De-quantifying my life
Liz has a great post about quantified reading and the stress it can induce when we set goals for things that are supposed to be enjoyable. I commented there, but I kept thinking about the ways in which tracking and quantification of everyday habits has permeated the lives of so many of us. Part of it is human nature; making “best of” lists and remembering things in relation to other things is enjoyable. But these tendencies are exacerbated by incentives to make money off them. It isn’t new, of course: Cosmo was doing “10 best ways to put the spark back in your relationship” before I was old enough to have sparky relationships. But it’s so much more pervasive now because of the need for content that generates ad clicks and the technological advances that let us keep track of everything.
I started doing reading challenges a few years ago. The original idea was to help me track my reading and to expand my range of reading material. After several years of participating in Romancelandia and especially while reviewing for Dear Author I was reading romance almost exclusively, and newly released romance novels at that. I missed the other genres, but a steady diet of short, easy-to-digest genre fiction had reduced my ability to read longer and more complex work. Reading challenges like PopSugar gave me a way to branch out and feel like I was accomplishing something.
This approach was helpful in getting me back to reading a wider variety of fiction, and the Mt. TBR and Harlequin challenges highlighted the discrepancy between what I was reading and the books that were piling up unread because I couldn’t resist a new release or a sale. But they also stressed me out: would I make my TBR challenge goal, how many books would I read, how many underrepresented authors was I reading, etc. etc. Not meeting a number, however arbitrarily that number had been chosen, seemed like a failure. A small failure, but still a failure.
Reading isn’t the only area in which I’ve quantified some quotidian aspect of my life. Like most women I’ve counted calories, tracked everything I’ve eaten, and generally made food a focus of scrutiny. I lost the most weight (and kept it off) when I stopped doing that, and I haven’t dieted in any meaningful way in years. But I still get the urge to do so, especially when I put on a few pounds or see yet another “easy” way to track my food intake. The various hacks of apps like My Fitness Pal have helped me avoid getting back on that psychological treadmill, though.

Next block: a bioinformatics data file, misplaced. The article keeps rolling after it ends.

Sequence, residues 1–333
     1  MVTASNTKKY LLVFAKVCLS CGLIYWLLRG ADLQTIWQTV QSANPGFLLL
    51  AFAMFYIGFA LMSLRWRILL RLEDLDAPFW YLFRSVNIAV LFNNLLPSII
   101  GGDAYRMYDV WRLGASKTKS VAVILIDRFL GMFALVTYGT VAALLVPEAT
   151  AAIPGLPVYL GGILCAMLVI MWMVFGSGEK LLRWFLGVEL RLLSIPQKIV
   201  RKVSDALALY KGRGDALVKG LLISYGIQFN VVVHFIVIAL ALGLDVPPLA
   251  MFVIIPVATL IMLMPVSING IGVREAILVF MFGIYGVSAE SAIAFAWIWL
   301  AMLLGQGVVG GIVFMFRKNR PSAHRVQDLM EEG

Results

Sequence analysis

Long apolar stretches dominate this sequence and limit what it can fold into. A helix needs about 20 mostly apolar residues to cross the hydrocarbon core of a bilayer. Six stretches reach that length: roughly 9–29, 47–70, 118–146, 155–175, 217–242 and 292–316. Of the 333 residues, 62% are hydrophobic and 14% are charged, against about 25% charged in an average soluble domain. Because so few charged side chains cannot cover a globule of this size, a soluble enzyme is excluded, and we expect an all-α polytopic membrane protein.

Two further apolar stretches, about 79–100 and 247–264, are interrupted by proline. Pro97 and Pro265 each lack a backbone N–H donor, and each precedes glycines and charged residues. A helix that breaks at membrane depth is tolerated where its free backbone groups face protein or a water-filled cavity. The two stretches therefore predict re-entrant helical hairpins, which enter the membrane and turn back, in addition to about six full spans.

I’ve worn a pedometer/step counter of some variety for about a decade, and currently I wear a Garmin watch. It tracks my steps, obviously, but what I like about it is that it maps my walks, hikes and runs. We used our Garmins in Wales and on the Fen Rivers Walk, and I can go back to old events and see how I’ve changed (or not) in my times, distances, etc. I stop wearing it for stretches but I mostly don’t pay attention to it unless I need it for something. I don’t feel stressed out by seeing how few steps I’ve taken on an off day, so I think it’s doing what I want without adverse effects.
The biggest de-quantification, aside from deciding to pare back my reading challenges (which I’ll talk more about in a year-end reading post), is not participating in social media. I still read a handful of Twitter feeds regularly and I visit a couple of Goodreads groups, but I finally, finally have let go of the feeling that I’m missing out by not participating. I don’t think it’s possible to be active on social media without getting swept up into the “please like and share” economy. And it is an economy. It’s about building capital, whether the specific form is financial, cultural, or personal. Sometimes it’s about actual sharing in the sense of dividing/distributing a resource, or talking to online friends and catching up on their lives, but so much of it is about amplifying messages that are most effective when they are emotional and negative.
It’s ironic that I’m back to blogging and enjoying it, because blogging in the old days was definitely part of social media and had all the quantification attributes that the popular platforms have now. People blogged to develop a media portfolio, to reach a larger audience than they could in face-to-face life, to get a book contract, to become internet-famous. But now that blogging is unfashionable and back to being under the radar, most people who blog don’t do it for the clicks. Quantified blogging will make you depressed, whereas unquantified blogging is its own reward.
So what has de-quantification given me? More time, definitely. I rarely go down internet rabbit holes anymore, and when I do, it’s relatively self-conscious; I need a zone-out break, or I’m too tired to to anything more interactive. But I also have much more relaxed and introspective mental stretches. I can sit and do nothing but think. I can read without getting distracted. I walk without pulling out my phone, let alone looking at it. I let thoughts, ideas, worries roll around in my head without trying to shut them off. It’s not always easy to be with my thoughts, but overall I’m less frantic. I count that as a win.